First off, I want to give a little shout out to my Pio-readers as they go through finals week. My husband was at a campus event last Saturday night when a student, in a slightly inebriated state, told him she liked this blog. To you, in particular, anonymous LC student, my best wishes and congratulations on another semester successfully completed; I agree that perfume is "like -- woah!"
And with that, let's get on with the awesome perfume. According to The Difference Company,
The Iris Pallida, the most aomatic of its kind, grows exclusively on this site of arid rocks and mild soil. Unlike the osmanthus flower whose epidermis cells secrete the essentiel oil, the iris its olfactory wonders [w]ithin its roots ; this concealment is so skilful that several years of complex processing are required to capture its secrets: planting, frequent hoeing by hand, to avoid damaging the rhizomes (roots), harvesting (three years later), selecting and husking, washing, followed by one month of drying under the sun on lattice trays, and five years of dehydrating in bags ; the grinding and miling in the factory.
The powder that results from these six years of preparation is macerated in cold water. Finally, a steam distillation gives birth to the essence of iris, also called butter, granted that the chemist follows the stringent requirement of moderate heating. Once distilled, this creamy substance turns into a treasure, a priceless marvel : the absolute. Eight years of complex processing are required to extract one litre of iris absolute from forty tons of rhizomes. Hence the scarcity of this aristocratic fragrance in today's perfume creations. The wonderful magic of a flower that blends with vetiver, bergamot, cedar wood, narcissus, geranium and musk delivers us the splendour of Bois d'Iris.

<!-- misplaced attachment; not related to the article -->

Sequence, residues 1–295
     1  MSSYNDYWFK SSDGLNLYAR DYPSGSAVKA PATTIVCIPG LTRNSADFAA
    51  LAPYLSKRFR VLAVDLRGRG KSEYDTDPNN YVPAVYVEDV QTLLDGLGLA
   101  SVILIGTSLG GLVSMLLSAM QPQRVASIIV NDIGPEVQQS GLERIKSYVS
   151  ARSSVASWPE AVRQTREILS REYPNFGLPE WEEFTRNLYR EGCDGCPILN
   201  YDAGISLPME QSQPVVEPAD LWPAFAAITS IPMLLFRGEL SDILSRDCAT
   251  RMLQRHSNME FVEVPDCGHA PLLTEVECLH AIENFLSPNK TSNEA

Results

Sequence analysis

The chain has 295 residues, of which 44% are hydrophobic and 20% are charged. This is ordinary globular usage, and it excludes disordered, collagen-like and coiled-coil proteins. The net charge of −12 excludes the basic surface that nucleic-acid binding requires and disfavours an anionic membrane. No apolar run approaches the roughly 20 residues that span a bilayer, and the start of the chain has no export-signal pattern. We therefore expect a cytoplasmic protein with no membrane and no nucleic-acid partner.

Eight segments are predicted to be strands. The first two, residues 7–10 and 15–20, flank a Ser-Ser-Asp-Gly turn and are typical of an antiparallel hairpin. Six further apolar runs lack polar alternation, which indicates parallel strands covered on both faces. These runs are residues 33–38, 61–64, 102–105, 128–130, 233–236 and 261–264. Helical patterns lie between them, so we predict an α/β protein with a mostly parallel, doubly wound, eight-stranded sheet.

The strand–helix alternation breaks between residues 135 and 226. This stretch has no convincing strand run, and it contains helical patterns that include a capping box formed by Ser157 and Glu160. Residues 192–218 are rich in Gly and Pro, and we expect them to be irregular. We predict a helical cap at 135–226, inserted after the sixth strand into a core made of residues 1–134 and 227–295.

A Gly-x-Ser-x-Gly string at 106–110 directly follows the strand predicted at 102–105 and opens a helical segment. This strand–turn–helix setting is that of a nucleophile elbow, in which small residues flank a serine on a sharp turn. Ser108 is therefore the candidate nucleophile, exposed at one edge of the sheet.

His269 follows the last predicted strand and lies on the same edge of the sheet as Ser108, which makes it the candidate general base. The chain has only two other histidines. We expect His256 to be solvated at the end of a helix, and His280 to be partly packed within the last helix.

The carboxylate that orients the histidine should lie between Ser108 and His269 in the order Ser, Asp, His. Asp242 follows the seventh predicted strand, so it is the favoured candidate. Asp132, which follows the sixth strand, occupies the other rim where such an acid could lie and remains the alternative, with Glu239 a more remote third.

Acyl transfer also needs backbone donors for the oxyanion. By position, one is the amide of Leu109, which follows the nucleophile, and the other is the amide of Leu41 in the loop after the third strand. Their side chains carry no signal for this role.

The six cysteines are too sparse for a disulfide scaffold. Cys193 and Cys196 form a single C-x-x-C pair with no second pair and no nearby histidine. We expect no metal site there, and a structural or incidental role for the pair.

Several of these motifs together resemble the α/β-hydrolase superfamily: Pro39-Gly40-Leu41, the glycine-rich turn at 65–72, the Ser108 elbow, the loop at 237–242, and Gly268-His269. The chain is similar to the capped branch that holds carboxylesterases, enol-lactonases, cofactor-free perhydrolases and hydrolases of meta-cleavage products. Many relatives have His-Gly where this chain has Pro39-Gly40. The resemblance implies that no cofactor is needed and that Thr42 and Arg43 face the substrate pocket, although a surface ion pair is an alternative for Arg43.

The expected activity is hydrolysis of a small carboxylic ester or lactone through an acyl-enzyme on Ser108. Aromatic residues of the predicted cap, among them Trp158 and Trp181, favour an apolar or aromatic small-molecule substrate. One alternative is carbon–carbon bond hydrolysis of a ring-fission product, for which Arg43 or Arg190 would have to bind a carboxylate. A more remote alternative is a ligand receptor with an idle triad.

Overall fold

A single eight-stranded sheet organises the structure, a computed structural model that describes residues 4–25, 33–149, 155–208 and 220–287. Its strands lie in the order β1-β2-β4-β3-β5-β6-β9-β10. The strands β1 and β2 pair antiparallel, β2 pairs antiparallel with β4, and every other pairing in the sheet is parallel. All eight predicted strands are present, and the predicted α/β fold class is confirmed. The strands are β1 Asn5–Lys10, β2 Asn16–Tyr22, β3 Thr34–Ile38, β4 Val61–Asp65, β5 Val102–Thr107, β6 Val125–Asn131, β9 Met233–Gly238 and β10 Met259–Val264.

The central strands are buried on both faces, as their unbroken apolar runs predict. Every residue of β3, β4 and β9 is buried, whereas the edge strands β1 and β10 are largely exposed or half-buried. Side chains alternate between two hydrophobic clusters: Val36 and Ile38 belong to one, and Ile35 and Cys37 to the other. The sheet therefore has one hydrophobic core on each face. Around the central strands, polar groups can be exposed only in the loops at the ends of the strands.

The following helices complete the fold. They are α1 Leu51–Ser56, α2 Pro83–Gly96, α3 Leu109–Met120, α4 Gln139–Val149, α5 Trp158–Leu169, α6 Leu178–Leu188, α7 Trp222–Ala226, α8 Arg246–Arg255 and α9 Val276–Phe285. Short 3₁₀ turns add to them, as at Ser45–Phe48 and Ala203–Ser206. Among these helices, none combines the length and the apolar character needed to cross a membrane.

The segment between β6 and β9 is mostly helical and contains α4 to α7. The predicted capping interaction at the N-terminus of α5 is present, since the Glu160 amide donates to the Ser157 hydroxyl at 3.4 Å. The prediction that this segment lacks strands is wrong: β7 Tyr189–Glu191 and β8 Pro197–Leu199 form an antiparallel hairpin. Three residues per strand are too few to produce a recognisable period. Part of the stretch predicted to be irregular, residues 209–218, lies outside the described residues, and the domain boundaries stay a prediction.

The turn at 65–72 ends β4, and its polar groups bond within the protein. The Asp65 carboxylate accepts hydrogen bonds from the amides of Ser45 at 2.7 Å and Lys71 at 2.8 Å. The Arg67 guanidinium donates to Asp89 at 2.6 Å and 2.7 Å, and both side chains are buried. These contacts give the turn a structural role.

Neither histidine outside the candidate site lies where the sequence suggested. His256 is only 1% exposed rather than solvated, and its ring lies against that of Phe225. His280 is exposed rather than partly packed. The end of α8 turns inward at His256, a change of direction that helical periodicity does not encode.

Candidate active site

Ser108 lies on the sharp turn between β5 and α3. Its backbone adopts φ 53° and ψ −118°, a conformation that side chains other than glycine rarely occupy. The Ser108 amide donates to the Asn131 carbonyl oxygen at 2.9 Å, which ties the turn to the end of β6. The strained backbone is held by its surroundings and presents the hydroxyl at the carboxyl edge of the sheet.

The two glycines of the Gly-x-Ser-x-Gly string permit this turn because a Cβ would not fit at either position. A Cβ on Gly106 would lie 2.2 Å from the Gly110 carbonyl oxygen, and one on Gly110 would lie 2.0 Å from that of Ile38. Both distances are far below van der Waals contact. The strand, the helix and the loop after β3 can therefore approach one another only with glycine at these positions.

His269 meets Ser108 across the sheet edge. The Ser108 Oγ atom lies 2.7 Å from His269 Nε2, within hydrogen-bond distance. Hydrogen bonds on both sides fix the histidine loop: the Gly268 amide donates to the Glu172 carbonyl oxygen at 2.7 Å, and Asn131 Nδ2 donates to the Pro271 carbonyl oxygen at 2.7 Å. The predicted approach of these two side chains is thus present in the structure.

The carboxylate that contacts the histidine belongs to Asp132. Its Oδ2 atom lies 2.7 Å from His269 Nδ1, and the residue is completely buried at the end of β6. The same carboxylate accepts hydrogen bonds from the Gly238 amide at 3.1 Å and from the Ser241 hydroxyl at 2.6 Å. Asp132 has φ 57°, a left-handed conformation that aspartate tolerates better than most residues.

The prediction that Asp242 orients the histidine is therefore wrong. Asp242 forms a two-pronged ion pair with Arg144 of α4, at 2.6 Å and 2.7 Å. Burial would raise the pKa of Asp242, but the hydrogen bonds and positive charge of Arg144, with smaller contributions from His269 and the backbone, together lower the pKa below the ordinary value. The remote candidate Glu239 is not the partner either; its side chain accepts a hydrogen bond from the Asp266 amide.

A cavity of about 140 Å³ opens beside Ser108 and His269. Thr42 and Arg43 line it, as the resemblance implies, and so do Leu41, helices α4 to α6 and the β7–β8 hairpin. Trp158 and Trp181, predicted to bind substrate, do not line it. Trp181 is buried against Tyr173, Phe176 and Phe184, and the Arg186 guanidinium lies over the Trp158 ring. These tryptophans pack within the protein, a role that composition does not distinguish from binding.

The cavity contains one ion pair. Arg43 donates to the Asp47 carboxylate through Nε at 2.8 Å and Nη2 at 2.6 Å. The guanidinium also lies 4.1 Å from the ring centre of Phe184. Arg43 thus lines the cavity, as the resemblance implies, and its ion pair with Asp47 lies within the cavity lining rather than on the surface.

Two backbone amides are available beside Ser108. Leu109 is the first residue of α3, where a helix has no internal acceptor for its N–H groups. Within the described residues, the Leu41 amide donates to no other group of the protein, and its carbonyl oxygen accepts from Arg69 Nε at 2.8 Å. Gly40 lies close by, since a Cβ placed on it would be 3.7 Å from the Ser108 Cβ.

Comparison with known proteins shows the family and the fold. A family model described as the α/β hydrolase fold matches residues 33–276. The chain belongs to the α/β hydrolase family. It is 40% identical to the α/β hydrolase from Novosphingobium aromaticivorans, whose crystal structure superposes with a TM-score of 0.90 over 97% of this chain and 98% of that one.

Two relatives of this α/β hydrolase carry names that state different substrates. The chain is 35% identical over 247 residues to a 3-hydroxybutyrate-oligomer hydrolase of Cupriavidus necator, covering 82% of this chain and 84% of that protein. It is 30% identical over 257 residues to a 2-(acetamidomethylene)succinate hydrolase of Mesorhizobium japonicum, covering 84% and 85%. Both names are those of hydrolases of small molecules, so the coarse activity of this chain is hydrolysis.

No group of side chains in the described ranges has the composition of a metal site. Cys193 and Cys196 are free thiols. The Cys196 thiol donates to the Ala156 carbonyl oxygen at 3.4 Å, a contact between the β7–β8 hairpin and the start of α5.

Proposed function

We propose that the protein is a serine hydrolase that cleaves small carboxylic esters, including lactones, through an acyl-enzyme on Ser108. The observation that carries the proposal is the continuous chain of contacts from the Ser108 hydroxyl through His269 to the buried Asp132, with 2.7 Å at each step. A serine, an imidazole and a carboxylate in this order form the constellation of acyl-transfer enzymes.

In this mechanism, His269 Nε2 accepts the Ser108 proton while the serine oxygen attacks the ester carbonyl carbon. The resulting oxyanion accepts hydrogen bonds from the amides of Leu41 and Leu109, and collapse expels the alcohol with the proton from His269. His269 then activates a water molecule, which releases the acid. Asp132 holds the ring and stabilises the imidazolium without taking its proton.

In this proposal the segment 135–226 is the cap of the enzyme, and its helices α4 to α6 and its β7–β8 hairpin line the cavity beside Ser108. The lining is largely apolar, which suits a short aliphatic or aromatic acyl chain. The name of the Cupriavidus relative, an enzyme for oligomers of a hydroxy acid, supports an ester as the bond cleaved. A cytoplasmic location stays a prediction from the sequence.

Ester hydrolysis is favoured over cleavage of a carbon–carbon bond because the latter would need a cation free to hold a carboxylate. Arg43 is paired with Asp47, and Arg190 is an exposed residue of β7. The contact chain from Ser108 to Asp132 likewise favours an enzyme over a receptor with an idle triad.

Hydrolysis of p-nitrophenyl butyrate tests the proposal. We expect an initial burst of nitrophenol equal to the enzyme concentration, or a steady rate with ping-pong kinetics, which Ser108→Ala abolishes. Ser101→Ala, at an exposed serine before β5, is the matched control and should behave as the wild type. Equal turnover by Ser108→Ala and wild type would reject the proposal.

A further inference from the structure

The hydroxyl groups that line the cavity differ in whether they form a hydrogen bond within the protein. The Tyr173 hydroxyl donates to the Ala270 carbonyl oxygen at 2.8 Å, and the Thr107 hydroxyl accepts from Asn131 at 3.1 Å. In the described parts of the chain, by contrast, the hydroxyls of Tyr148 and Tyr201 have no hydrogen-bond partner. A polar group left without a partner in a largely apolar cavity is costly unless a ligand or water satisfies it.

[sic -- the entire paragraph; TDC needs an editor stat.]
This scent was hard for me to pin down, and not only because every review I read after making my initial notes described it in (imo) substantially different ways. Also, comparing it to other irises didn't help as much as it normally does. It's clearly an iris, but I mostly only know how to describe it by telling you what it isn't. It's not as funerary as L'Artisan Iris Pallida and not buttery like L'Artisan Dzongkha. It's not quite as violet as Iris D'Argent, nor does it have the grape syrup sweetness vibe of Keiko Mecheri Iris Poupre. It's less like pop music than Prada Infusion d'Iris in terms of accessibility, but also isn't so much dirt or herbs as Le Labo Iris 39. And it is nothing at all like the the candy floss of Memoire Liquide No. 205 Vanille Florentine.
Bois d'Iris, for me, is most similar to Serge Lutens Iris Silver Mist, but yet isn't. It differs in that, initially, this is an iris that has overtones of lemon and has a very fresh edge, like the scent was distilled not from flower or root, but from iris leaf and stem. The middle becomes powdery and sweet similar to but not exactly like an iris bloom covered in a fine cloud of talc. In this section is becomes more similar to Iris Silver Mist. The bottom (about an hour in) continues to remind me of Iris Silver Mist, though a tad sweeter in a mixed floral way. This isn't as strong as Iris Silver Mist -- the sillage is lighter and it doesn't last.
On the whole Bois d'Iris is a very nice scent and one worth trying. That said, for the price point, I'd rather have a bottle of Iris Pallida (I do), Iris Silver Mist (I will - just have to figure out how to get it out of Europe first), or enough Infusion d'Iris to take a bath in (but who needs that?). It's lovely, and I'm sure it is THE IRIS for plenty of iris lovers. It just isn't the one for me.
You can buy Bois d'Iris direct from the perfumer in 50ml ($161.46), 90ml ($233.22), and 250ml ($448.50 -- comes with a leather case in your choice of color -- red, mandarin, or black). TDC also has an awesome sample program allowing access to the entire line. Other purchasing avenues include LuckyScent (including samples), Beauty Encounter, Beauty Habit, and First-in-Fragrance.
"But you are what you love,
and not what loves you back.
That's why I'm here on your doorstep,
pleading for you to take me back."
- "You Are What You Love," Jenny Lewis
(You can listen to the song here)
Want more reviews? Try...
~ a review from Robin at Now Smell This!
~ a review from Bois de Jasmin
~ a review from Eliza at Scentsibility
~ a review from Scent and Sensibility